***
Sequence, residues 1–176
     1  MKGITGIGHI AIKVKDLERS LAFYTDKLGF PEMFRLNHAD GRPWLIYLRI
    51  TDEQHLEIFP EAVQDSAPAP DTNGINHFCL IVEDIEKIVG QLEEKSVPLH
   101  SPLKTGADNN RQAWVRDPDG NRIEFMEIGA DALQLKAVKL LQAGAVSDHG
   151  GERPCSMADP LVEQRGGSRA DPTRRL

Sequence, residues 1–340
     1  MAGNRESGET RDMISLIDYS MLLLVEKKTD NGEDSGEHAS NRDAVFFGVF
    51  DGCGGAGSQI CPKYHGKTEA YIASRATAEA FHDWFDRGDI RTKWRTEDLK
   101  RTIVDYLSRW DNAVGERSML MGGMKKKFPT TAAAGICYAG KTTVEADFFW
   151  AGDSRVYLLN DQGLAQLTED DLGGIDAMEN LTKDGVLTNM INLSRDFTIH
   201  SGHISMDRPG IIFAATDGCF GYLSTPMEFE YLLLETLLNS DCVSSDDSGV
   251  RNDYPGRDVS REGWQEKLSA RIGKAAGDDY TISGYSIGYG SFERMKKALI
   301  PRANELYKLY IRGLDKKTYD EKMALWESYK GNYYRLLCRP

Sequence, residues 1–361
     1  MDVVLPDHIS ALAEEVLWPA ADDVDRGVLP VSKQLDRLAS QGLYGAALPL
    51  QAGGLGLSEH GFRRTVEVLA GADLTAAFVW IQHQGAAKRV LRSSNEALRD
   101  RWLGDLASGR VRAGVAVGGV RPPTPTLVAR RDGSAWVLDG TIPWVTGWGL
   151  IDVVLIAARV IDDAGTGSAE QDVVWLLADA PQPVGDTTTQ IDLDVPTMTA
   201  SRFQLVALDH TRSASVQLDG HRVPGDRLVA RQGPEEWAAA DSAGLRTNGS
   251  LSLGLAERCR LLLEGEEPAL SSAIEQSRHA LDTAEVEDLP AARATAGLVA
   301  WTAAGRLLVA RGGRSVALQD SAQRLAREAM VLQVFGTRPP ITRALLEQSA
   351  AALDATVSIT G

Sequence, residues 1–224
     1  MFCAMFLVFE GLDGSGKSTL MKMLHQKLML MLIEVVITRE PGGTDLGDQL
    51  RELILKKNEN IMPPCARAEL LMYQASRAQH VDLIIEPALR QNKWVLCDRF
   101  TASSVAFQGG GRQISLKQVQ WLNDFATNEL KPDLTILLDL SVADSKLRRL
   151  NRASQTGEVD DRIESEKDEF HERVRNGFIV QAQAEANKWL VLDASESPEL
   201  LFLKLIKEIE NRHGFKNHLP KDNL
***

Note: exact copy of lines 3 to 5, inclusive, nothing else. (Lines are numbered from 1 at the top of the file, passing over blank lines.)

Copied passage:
    51  TDEQHLEIFP EAVQDSAPAP DTNGINHFCL IVEDIEKIVG QLEEKSVPLH
   101  SPLKTGADNN RQAWVRDPDG NRIEFMEIGA DALQLKAVKL LQAGAVSDHG
   151  GERPCSMADP LVEQRGGSRA DPTRRL